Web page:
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Reconstruction with tissue from the abdomen
(TRAM-flap / DIEP-flap)

This form of reconstruction usually causes the most natural result, because skin and fat tissue from the abdomen are most similar to that of the breast. It therefore is our preferred procedure. Naturally, it requires enough abdominal fat tissue.

With the standard technique we use the abdominal fat tissue is transplanted an aid of an microscope. Skin and fat tissue together with a small part of the abdominal muscle and the supplying vessels are taken from the abdomen and sutured again at the breast under the microscope. The major advantage of this method is that not a whole muscle but only a small muscle sliver has to be taken so that the abdominal wall remains intact and the risk of a weakness to the abdominal wall is insignificant. Initially the time expended on this operation is clearly higher but generally leads to a more visually pleasing result. If we have to transplant a small part of the muscle as well, the operation is called TRAM-flap (Transverse Rectus Abdominis Muscle). If only a vessel from within the muscle is isolated and therefore the muscle mainly spared, the operation is called DIEP-flap (Deep Inferior Epigastric Perforator).

The abdominal fat flap can also be folded over up to the breast together with the whole muscle and remodelled as the new breast (pedicled TRAM-flap). However, this usually leaves an unsightly bulge above the costal arch and often an instability to the abdominal wall due to the abdominal muscle having been removed. We only carry out this operation if the free transplantation is not possible.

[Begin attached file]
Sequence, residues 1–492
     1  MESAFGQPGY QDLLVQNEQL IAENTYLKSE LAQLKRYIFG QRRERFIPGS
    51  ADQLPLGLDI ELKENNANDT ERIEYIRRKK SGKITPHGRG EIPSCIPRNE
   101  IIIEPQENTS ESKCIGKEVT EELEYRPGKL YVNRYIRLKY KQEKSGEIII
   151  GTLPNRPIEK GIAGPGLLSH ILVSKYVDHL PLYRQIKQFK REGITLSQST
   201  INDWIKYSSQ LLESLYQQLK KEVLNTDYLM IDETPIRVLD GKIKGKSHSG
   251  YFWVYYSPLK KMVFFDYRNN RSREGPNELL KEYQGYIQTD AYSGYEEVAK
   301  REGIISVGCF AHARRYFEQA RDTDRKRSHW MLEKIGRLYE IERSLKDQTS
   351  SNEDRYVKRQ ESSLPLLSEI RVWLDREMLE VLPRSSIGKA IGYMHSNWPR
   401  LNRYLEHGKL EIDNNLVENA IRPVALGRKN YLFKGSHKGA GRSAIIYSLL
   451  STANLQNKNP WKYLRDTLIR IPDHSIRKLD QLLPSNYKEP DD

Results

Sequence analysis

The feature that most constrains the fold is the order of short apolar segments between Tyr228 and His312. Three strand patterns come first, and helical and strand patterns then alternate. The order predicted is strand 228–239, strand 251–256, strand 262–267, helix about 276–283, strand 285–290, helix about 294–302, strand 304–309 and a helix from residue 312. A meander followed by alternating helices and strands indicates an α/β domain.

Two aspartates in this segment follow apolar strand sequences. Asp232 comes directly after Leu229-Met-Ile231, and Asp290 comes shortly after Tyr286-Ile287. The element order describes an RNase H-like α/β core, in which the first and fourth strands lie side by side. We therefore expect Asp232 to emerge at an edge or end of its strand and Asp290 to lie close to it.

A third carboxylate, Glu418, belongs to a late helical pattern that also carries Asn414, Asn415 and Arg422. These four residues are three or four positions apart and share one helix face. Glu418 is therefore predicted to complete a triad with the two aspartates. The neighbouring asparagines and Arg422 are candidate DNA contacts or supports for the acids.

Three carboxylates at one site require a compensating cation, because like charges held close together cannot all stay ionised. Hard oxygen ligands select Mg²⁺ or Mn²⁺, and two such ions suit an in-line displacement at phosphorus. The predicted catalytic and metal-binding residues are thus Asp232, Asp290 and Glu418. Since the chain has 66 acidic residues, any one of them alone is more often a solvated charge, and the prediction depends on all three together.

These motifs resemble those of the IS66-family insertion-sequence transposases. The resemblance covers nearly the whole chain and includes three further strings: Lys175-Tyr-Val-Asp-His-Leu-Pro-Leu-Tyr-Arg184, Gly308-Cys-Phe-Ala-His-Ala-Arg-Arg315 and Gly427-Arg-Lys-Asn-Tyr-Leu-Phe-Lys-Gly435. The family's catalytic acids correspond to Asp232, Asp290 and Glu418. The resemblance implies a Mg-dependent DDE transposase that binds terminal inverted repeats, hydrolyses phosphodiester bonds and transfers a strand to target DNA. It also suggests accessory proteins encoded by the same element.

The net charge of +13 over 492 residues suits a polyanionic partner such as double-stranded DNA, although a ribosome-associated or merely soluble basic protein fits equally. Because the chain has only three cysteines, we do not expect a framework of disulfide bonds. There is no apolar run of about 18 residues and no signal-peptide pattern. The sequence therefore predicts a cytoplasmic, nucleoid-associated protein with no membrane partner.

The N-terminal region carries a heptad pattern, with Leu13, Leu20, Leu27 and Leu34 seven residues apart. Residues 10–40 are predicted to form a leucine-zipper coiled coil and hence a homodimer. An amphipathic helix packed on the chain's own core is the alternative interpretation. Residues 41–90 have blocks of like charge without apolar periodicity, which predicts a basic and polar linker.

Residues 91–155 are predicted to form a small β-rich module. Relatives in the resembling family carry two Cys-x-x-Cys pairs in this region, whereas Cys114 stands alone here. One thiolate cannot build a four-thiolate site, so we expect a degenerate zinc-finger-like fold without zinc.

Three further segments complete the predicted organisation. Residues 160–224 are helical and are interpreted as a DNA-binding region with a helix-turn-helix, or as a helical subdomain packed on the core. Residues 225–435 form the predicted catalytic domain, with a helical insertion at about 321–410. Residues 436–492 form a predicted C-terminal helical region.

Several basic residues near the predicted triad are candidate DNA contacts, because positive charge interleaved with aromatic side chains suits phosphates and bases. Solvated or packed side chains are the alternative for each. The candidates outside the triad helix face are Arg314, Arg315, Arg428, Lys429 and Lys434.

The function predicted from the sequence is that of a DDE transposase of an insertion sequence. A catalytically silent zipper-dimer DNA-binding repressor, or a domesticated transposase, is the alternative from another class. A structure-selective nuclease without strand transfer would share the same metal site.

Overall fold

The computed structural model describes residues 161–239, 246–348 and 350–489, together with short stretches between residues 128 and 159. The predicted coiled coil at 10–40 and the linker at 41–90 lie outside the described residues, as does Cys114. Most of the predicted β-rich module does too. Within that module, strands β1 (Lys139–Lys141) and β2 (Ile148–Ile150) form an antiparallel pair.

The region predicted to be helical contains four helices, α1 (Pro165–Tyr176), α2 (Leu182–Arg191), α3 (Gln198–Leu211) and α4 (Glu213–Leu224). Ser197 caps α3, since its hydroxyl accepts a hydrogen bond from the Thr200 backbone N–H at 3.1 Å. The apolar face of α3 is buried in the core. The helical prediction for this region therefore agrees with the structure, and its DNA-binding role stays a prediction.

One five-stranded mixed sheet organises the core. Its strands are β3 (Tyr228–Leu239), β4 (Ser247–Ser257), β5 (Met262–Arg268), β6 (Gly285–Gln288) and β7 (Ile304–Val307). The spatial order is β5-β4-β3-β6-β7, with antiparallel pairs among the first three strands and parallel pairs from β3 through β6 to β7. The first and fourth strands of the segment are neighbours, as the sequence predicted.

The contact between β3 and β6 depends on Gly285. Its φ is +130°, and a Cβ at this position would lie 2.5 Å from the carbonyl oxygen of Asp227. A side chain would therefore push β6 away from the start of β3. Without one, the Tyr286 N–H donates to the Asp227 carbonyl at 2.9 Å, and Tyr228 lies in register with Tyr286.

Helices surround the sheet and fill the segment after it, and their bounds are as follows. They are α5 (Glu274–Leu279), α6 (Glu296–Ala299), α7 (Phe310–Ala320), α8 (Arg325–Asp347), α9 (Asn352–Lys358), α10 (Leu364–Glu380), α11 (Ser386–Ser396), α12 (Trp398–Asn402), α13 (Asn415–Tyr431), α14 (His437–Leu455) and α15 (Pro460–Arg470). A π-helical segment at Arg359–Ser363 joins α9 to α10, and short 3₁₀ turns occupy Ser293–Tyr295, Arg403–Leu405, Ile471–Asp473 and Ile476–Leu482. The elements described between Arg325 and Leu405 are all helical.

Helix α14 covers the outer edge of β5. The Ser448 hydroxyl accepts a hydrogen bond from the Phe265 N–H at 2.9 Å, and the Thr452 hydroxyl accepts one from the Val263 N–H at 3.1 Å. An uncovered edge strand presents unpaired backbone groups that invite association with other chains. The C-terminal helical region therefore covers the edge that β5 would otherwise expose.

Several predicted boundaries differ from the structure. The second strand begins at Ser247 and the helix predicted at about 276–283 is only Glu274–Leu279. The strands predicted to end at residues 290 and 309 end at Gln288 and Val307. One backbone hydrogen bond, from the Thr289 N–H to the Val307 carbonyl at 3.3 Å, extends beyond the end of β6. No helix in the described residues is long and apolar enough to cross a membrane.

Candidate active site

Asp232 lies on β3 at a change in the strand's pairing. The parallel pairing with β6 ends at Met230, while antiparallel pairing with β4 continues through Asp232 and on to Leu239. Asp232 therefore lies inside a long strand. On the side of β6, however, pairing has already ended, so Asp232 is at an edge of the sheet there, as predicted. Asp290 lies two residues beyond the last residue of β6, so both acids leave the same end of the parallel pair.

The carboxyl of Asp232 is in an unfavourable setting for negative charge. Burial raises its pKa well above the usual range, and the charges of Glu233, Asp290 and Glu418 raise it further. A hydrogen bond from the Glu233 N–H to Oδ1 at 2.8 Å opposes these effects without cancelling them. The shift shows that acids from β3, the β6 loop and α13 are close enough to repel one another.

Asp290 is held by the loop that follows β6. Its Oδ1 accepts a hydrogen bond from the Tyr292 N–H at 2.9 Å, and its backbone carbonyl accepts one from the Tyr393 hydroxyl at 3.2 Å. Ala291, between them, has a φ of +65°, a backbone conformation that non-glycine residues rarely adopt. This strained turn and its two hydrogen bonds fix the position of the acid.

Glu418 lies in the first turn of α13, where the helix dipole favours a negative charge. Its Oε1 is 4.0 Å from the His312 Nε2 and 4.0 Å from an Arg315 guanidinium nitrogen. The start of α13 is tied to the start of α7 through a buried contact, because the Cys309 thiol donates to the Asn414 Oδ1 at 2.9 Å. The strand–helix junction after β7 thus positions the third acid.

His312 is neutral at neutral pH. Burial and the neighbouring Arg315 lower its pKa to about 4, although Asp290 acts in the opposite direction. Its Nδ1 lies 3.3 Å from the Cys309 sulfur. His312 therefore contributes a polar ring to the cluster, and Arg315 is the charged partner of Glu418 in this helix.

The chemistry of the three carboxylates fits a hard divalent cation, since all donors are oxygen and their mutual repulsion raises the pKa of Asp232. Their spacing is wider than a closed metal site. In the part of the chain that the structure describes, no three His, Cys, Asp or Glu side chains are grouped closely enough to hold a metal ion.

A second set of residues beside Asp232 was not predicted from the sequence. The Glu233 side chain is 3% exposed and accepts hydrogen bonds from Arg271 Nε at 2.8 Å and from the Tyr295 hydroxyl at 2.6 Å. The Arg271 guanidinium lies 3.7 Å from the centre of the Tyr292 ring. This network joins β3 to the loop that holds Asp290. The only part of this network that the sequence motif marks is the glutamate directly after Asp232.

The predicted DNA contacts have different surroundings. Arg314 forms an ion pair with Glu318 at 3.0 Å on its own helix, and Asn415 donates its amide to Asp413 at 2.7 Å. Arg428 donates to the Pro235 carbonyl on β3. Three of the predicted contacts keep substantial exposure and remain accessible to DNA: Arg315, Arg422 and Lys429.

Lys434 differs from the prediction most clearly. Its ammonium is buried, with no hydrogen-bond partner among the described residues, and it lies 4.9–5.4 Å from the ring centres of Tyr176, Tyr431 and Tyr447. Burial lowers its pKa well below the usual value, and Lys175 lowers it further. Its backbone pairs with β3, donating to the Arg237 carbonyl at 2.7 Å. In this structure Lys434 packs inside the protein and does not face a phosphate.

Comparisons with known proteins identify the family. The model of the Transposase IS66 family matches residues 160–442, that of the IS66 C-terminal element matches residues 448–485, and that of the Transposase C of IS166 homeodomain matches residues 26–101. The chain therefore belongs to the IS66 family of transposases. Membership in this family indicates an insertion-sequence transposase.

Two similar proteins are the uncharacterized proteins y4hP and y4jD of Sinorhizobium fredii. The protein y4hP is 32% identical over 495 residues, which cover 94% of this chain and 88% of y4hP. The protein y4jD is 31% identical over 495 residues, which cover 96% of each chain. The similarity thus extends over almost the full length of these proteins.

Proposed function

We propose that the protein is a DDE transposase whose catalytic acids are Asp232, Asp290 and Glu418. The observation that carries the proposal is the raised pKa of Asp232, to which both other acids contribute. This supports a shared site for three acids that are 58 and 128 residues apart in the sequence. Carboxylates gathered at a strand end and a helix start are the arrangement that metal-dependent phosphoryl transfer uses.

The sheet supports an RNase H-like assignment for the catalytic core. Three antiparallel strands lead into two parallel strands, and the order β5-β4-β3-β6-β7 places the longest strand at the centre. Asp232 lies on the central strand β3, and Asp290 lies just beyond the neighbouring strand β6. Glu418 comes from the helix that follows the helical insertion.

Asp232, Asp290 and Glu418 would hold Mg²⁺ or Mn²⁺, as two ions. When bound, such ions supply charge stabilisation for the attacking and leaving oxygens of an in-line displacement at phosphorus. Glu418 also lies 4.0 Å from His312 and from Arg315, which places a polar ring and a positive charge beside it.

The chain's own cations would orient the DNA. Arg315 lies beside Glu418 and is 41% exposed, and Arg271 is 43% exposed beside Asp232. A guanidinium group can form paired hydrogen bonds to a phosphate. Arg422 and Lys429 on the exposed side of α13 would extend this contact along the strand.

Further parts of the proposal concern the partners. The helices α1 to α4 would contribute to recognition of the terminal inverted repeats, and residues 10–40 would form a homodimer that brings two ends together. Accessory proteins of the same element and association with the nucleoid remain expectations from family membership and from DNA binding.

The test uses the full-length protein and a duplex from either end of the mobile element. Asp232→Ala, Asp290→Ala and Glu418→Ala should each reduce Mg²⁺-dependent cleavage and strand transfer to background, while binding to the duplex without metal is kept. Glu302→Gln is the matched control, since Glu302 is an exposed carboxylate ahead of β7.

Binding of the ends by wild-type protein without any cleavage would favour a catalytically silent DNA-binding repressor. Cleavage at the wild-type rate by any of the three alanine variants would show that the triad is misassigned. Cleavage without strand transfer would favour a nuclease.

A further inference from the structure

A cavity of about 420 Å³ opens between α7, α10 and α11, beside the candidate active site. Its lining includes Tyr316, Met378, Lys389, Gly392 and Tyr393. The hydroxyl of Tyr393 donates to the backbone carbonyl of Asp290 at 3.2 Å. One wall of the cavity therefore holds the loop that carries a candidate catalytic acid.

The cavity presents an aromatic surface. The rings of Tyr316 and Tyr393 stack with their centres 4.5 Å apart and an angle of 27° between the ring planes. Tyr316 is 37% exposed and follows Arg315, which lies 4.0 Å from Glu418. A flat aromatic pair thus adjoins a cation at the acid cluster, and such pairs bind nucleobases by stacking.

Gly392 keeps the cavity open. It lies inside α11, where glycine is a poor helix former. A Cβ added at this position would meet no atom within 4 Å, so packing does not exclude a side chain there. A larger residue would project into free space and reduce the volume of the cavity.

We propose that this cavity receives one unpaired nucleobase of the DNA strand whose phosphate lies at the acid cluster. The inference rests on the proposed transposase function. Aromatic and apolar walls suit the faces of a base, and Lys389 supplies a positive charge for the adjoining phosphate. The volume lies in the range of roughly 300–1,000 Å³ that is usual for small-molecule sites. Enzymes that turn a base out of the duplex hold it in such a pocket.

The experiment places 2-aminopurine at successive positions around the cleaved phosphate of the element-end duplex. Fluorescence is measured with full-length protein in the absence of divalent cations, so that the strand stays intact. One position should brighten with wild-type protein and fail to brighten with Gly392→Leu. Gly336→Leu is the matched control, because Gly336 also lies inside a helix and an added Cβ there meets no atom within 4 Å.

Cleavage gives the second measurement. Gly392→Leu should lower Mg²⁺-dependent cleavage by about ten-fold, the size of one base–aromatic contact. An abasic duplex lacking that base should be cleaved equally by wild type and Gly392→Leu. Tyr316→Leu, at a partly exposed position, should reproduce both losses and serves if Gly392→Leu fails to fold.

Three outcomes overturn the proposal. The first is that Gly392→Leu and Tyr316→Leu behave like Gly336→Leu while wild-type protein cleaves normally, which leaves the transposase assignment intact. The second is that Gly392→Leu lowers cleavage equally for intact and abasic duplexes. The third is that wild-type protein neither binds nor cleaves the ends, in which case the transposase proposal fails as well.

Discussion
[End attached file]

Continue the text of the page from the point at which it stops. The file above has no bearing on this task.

After 6 to 9 months the inner healing and scarring process are also finished and the tissue has reached its final form so that corrections such as tightening of the other breast to achieve symmetry, or the reconstruction of the nipple, can be carried out.

A positive side effect of TRAM or DIEP-flaps is that in order to close the abdomen again, the abdominal wall has to be tightened, leading to a "tummy tuck". Operation technique

The operation is carried out under general anaesthetic. The abdominal fat flap is transplanted to the breast together with its vessels and is connected to new vessels in the region of the ribcage or the armpits. The abdomen from which the tissue has been taken is closed again by means of an abdominoplasty ("tummy tuck"). For this the skin is lifted from the abdominal musculature and pulled down to the bottom. The navel is fitted in again. Risks and possible complications

In rare cases it may happen that the body does not accept the new tissue. The risk of this happening is below 2%. Here we can try to remove a possible existing thrombosis in the sutured vessels by operating repeatedly. Further risks are problems in healing of the abdominal wall as well as loss of the new navel, which then can be remodelled fairly easily, though in a later operation. However, these complications are extremely rare. We have not witnessed a weakness of the abdominal wall or tearing (hernia) of the abdominal wall amongst our patients. Follow-up treatment

The follow-up treatment is initially more thorough. Our patients are restricted to their beds and are treated by the nursing staff. Bed rest is important for the microsurgical vessel sutures to heal and the tissue to be supplied with blood properly. Furthermore, rest makes sense for the abdomen to achieve a good cosmetic result. Patients wear a stomach corset and a support bra day and night for 3 months in total to protect the tissue and to improve the look of the scars. Overtaxing the upper body should be stopped for 3 months in total.

We recommend operations for correction after 6 to 9 months at the earliest, that is after the inner scars have healed off completely. Included in the correcting operations are adjusting the tightening of the other breast and, of course, the remodelling of the nipple. However, all assimilating procedures should have been finished before this last operation.